I do not agree with the notion of social determinism as an explanation for terrorism. Many studies, including my own, show that many very poor and marginalised people, whether in France, India, the U.S. or elsewhere, have not shifted to terrorism. Social determinism can be used as an alibi, an excuse for terrorism but it’s not convincing as an argument. If this was true, it would lead millions of people to radicalism and that has not happened. I also do not agree that these people are intellectually poor, incapable of conceptualising. Police transcripts in the case of Merah show us that although he was marginal, and poorly educated, his level of understanding was very sophisticated. People might not have degrees or formal education, but they read a lot, especially on the internet and the web plays a major role in how the radicalisation process takes place.
How worried are you about this phenomenon in France? How big is it? After all, France with some five million Muslims has the largest Muslim population in Europe.
In France the problem is probably huge. It’s a new phenomenon, we have little knowledge of it and it is growing because the geopolitical environment is not under control. By that I mean that on the southern rim of the Mediterranean Sea you have countries like Algeria, Egypt, Tunisia, Libya where weak, pro-Islamic governments have come to power after the Arab Spring. They are no longer in control of society and more importantly, they are not in control over the internet propaganda machine. This uncontrolled terrorist, Islamic fundamentalist internet propaganda is spreading across the world and given the proximity between the two banks of the Mediterranean, this propaganda has begun infecting French society. That is why the influence of this trend is growing and could lead to more radicalisation in the near future.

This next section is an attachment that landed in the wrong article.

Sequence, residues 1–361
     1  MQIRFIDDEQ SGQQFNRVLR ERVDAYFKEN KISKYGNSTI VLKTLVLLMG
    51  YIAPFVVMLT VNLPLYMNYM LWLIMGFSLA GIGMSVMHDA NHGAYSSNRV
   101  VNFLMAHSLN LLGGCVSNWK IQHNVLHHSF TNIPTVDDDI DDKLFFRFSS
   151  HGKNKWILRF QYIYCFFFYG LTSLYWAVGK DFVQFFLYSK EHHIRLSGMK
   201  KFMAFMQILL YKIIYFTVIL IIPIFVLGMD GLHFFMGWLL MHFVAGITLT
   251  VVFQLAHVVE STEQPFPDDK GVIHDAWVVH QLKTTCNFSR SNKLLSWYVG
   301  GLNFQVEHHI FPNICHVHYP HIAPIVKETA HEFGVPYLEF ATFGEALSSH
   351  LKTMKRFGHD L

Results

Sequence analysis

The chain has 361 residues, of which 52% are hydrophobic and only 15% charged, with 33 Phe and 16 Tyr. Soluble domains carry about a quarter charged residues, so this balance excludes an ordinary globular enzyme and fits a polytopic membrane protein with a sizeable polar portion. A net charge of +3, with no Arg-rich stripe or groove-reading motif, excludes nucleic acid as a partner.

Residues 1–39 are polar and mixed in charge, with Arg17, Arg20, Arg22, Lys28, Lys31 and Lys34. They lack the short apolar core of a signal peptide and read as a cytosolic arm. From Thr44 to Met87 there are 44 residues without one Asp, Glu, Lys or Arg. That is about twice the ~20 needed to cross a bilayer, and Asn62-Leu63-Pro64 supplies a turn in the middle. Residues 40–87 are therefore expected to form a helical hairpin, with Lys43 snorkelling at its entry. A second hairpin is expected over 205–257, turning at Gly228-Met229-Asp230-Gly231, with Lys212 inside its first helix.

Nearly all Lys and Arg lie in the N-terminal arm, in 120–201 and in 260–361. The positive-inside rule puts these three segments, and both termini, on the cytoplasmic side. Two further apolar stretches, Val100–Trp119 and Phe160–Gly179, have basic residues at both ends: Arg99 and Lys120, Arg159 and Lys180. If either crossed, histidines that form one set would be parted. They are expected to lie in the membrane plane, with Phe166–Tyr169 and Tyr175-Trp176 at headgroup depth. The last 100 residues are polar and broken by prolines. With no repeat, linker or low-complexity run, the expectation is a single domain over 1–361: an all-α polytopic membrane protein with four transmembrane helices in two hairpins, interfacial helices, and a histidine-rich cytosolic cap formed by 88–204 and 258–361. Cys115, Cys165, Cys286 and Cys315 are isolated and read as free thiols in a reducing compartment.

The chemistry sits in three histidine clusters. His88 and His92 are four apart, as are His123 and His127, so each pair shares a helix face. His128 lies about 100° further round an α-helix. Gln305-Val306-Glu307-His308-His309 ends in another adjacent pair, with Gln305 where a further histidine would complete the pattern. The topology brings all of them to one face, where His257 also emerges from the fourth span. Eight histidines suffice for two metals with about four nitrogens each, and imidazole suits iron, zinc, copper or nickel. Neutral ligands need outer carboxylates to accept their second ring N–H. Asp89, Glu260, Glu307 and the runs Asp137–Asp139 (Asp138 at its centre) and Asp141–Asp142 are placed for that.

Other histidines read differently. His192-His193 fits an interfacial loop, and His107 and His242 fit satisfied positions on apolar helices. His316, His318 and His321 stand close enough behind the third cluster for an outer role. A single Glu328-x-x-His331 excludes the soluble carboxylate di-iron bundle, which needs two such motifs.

Given the fact that Mohamed Merah told the police he had wanted to target the Indian embassy, do you think that India could become a target in France or is already a target because of the Pakistan-Afghanistan link? Merah visited both these countries and received terrorist training there.
The security services know that India is already a target here just as it is a target in the U.S. because of the conflict between Pakistan and India on Kashmir. This is not new. What is new is that Indian interests in the West are being targeted by western people. In the past the perpetrators were either Pakistani/Afghan or Bangladeshi. Now the problem is that certain westerners are joining hands with them to target Indian interests in the West.
How would you describe the cooperation on counterterrorism between India and France? Are the Indians aware of this new emerging threat?
I think the Indian government is not fully aware of the new threat. It knows that Indian interests abroad are targeted by Pakistani services and people but they are not fully aware of the kind of threat posed by western forces here — home-grown terrorism in the West. The cooperation on counterterrorism is good. It’s really good.